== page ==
Win or lose

As the dust settles from last Saturday’s General Election, Malta seems to be stuck in a familiar scenario: Half the island is celebrating joyfully, and the other half is in mourning. Some people are calling relatives and neighbours to gloat. Others call to commiserate. Many are sighing in relief, whilst others are moaning and grinding their teeth in pain, anger and despair. In other words, not unsurprisingly, extreme partisanship seems to be as alive and kicking in post-election Malta as it was a week ago in pre-election Malta… Read more »

A dignified life through work


In recent years, Malta has been hailed as a success story when it comes to employment opportunities. And yet, work is much more than an activity which generates wealth and guarantees a source of income. It is an integral part of our wellbeing and has a decisive influence on the quality of life of individuals and families. As such, we are duty-bound to go beyond the headline numbers and analyse in more detail the following challenges which hinder workers and their families from leading a dignified life through work:

– An alarming increase in in-work poverty. The proportion of working people who earn less than 60% of the national median income has increased from 5.2% in 2012 to 7.4% in 2020… Read more »

Right and duty: the importance of voting

As we prepare to elect a new government on the 26th of March, it would be hard to find a more challenging message about Politics than the one offered by Pope Francis who invites good Catholics to meddle in politics: “You can’t watch from the balcony! Get involved!”. “Politics, according to the Social Doctrine of the Church, is one of the highest forms of charity, because it serves the common good… Read more »

Messy but urgent work

Malta’s recent history has, in more ways than one, been a success story. And yet, the price which has been paid for this success is indeed high. Apart from those who have paid with their lives, divisions and lack of peace abound on this little island nation of ours. As we prepare to elect a new government in the next few months, we can expect partisan pique and polarisation, ever-present in our society, to reach fever pitch, despite the several calls along the years for a process of national reconciliation and unity  

Last month, the Justice & Peace Commission within the Archdiocese of Malta launched a document called Yahad, a term in Hebrew which conveys the sense of togetherness and community and which represents the Commission’s vision for Maltese society… Read more »

Desmond Tutu: A prophet of reconciliation

A few days ago, Desmond Tutu, the former Anglican archbishop of Cape Town, South Africa, who rallied the world behind the anti-apartheid struggle in a way that made him a prophet of reconciliation of our times, died at the age of 90.

Tributes flowed in from all over the world to recognize the many qualities of a man who never stopped practicing the forgiveness he preached… Read more »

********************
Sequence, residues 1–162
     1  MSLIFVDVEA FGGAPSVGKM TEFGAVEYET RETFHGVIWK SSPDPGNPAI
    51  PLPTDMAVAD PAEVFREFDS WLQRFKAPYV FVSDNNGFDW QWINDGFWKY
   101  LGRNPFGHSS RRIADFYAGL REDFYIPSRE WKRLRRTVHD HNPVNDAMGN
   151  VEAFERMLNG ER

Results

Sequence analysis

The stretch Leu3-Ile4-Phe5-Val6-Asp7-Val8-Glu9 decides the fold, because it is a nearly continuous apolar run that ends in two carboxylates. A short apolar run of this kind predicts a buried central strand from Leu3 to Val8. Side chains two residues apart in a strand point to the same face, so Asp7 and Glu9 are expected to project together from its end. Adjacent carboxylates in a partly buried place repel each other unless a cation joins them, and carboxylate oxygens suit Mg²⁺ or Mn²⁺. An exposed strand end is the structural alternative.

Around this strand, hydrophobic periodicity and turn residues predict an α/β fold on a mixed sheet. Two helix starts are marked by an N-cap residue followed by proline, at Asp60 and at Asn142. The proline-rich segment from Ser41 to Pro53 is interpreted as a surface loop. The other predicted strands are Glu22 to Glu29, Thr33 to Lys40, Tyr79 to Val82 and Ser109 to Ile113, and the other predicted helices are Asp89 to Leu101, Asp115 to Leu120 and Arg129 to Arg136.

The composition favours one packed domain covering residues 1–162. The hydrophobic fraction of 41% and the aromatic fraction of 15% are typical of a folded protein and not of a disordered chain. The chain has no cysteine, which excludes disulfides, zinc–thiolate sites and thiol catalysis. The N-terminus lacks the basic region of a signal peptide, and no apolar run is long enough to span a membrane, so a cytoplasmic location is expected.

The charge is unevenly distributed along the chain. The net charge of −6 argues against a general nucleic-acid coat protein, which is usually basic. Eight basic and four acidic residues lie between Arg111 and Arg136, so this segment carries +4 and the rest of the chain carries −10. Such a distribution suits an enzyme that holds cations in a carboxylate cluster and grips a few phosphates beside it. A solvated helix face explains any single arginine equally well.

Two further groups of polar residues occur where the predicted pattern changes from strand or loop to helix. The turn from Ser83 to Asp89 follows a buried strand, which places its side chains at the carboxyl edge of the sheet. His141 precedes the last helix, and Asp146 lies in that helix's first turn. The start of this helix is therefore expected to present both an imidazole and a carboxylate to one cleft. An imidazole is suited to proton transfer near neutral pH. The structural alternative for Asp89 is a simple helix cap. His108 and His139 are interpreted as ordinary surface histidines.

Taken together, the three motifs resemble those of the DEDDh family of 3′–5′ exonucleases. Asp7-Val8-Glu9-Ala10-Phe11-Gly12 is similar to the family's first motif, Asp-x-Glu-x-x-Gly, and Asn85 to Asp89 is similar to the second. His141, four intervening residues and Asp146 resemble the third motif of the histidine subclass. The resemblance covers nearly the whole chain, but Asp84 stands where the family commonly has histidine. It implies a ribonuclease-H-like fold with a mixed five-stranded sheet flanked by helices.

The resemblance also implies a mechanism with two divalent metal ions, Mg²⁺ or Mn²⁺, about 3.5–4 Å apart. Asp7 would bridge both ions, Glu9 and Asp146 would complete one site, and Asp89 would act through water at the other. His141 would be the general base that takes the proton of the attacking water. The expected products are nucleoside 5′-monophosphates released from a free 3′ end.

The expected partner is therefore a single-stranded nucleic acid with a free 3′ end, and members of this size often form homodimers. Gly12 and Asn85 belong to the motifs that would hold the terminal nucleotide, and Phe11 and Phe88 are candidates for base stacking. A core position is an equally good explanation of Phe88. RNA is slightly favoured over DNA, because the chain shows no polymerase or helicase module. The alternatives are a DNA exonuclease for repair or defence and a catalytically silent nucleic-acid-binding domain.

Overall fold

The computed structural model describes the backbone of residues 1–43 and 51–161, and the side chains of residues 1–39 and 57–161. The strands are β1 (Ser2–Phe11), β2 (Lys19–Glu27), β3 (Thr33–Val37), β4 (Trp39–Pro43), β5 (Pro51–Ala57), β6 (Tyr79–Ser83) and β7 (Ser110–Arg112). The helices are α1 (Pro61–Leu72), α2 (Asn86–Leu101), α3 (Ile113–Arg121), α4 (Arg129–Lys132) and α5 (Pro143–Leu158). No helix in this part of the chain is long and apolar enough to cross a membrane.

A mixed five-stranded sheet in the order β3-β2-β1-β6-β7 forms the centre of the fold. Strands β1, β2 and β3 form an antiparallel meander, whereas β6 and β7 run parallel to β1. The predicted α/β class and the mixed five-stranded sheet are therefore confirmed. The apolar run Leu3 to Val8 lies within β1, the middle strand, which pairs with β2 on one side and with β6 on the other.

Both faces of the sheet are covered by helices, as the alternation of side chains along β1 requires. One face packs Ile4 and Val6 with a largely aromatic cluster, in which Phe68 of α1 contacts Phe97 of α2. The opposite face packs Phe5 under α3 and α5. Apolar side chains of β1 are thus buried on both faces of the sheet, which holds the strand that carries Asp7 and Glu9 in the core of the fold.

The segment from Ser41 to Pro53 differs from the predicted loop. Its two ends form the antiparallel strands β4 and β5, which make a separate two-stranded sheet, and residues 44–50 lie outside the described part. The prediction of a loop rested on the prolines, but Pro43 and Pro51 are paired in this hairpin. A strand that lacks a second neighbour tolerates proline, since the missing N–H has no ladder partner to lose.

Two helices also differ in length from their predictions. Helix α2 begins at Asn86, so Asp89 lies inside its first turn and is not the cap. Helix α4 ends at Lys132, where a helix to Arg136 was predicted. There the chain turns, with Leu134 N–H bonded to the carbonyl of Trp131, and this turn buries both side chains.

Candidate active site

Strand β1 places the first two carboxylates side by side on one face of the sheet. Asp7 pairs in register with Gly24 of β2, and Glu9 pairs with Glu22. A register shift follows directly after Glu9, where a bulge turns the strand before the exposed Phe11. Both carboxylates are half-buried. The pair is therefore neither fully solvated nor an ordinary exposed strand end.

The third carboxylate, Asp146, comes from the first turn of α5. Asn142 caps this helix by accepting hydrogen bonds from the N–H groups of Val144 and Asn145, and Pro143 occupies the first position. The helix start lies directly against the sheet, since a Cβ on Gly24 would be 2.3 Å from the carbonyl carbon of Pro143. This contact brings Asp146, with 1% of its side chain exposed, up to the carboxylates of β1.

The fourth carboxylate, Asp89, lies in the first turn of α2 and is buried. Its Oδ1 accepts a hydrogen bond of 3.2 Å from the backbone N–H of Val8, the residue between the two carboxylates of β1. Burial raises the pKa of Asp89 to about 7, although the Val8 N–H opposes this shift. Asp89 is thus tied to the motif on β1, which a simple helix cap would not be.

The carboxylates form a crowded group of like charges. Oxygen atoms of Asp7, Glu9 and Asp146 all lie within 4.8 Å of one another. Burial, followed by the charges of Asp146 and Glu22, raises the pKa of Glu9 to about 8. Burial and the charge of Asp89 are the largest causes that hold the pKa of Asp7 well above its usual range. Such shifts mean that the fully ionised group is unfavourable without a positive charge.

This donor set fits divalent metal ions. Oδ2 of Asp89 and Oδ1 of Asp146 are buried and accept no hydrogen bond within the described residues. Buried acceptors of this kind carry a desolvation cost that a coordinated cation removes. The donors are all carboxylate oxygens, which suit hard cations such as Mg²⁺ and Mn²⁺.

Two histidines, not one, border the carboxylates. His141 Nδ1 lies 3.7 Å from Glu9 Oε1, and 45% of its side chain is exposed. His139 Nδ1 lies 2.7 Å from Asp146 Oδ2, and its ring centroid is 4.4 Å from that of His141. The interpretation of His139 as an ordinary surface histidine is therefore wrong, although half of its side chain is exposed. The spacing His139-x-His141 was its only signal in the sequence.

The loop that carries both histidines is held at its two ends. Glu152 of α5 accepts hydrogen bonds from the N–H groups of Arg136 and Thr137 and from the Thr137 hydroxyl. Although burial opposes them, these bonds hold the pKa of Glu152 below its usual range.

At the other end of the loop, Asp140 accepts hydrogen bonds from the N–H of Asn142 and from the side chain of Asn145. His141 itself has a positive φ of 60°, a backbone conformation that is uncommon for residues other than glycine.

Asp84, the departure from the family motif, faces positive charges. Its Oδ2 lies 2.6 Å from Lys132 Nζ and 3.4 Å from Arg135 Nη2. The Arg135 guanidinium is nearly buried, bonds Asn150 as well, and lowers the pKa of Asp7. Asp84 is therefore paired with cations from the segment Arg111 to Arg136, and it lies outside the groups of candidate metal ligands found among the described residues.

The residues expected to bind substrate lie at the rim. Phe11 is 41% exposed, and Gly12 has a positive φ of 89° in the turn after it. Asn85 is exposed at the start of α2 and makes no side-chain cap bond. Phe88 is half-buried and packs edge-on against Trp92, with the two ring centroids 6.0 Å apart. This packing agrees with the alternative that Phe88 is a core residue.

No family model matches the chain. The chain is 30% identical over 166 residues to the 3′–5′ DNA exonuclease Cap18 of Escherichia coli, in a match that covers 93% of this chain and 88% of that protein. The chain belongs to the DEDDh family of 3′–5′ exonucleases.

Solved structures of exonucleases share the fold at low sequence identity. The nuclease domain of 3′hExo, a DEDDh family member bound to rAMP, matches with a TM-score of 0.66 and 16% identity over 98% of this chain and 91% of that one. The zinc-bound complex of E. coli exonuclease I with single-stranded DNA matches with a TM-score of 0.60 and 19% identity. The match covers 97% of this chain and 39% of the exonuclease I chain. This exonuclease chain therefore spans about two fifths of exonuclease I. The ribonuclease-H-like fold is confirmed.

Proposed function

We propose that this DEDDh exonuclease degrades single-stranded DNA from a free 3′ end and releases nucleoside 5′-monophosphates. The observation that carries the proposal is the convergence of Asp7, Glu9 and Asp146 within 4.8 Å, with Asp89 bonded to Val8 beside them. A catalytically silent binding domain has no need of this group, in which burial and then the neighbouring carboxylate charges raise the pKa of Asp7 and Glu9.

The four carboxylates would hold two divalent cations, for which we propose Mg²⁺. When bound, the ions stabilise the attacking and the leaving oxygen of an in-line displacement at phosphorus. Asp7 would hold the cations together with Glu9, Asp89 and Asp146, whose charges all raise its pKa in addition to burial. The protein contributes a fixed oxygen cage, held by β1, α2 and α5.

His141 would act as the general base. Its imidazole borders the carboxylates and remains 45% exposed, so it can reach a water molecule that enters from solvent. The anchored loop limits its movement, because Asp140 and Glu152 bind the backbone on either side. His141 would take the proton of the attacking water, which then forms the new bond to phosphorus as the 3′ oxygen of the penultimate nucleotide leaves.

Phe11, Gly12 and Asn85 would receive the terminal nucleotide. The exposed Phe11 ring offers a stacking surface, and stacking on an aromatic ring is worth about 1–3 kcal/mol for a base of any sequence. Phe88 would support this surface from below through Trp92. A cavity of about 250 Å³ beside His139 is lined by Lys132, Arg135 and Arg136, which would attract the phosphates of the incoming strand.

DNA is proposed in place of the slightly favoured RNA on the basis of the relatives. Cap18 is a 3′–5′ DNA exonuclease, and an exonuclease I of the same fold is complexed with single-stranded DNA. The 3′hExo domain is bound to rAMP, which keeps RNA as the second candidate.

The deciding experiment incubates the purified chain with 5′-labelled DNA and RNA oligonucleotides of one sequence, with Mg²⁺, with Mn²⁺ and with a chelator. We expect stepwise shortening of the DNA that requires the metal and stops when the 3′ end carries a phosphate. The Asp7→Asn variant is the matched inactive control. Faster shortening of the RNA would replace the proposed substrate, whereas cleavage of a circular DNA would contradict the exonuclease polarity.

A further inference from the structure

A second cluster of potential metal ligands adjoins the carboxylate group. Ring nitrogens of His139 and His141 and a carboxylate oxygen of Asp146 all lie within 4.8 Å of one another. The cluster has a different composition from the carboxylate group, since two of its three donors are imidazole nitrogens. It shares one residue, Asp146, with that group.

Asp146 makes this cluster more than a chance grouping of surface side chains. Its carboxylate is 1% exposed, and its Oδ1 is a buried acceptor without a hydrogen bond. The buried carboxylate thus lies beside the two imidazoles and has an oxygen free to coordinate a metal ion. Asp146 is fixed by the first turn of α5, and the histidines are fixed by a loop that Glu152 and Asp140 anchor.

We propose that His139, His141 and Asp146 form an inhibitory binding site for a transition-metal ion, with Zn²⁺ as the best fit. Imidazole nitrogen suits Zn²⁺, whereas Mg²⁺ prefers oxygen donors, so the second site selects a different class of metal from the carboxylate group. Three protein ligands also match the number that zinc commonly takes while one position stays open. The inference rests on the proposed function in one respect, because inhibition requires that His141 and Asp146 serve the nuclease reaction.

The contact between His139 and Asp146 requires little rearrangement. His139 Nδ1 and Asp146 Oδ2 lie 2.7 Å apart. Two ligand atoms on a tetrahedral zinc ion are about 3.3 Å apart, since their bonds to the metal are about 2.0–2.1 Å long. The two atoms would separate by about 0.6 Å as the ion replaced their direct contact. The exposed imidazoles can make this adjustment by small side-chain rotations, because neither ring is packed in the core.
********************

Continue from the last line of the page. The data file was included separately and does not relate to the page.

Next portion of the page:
Deaths in prison

A few weeks ago, the country woke up to the news of another death in prison. This was the 14th death in Malta’s Corradino Correctional Facility since the beginning of 2018.  An inquiry has been set up to unearth all the facts, reasons and dynamics which lie behind this disturbing and alarming statistic. And yet, the inmates, their families and the whole country can no longer afford to wait any longer before everyone concerned starts pulling the same rope to ensure that prison is a safe place and truly an institution which places reformation and rehabilitation at its heart, and where the dignity of all is respected… Read more »

An Option that’s not Optional: The Preferential Option for the Poor

One of the major themes in Catholic social teaching in recent decades has been the preferential option for the poor. The phrase was first used in the late 60s by the then superior general of the Jesuits, Father Pedro Arrupe, in a letter to his order. The term was later picked up by the Catholic bishops of Latin America, who emphasized the use of option as a verb rather than as a noun, before becoming one of the main principles which guides the reflection and action of Christians in today’s world… Read more »

Hopelessness is contagious. But so is hope.

When asked which part of the world they would rather live in, only around 27% of youths interviewed in a recent survey chose Malta.

In the upcoming General Election, 16-year-olds will for the first time have the right to vote. And yet, this same cohort is telling us that they would rather vote with their feet – by leaving the country – than at the polling booth… Read more »

A man was going down from Jerusalem to Jericho

Leaving him half dead: In the parable of the Good Samaritan, the robbers who beat up the man and left him half dead, remain unknown, unnamed. The person who allegedly dumped Lamin on the side of the road on Selmun road in Mellieħa like a bag of disposable waste has already been identified and will face justice.


The wheel of injustice: Dietrich Bonhoeffer, the German Theologian who courageously stood up against Nazi oppression once said that “we are not to simply bandage the wounds of victims beneath the wheels of injustice, we are to drive a spoke into the wheel itself”… Read more »

Seeing the truth, beyond our inconsistencies

It has often been said that Church should sell all its riches and use that money to feed the poor and do something for the wellbeing of society.

In fact, this week, a controversy has erupted precisely because the Church decided to dispose of a plot of land which had been sitting on its balance sheet for ages, making it look rich, but without serving any social purpose… Read more »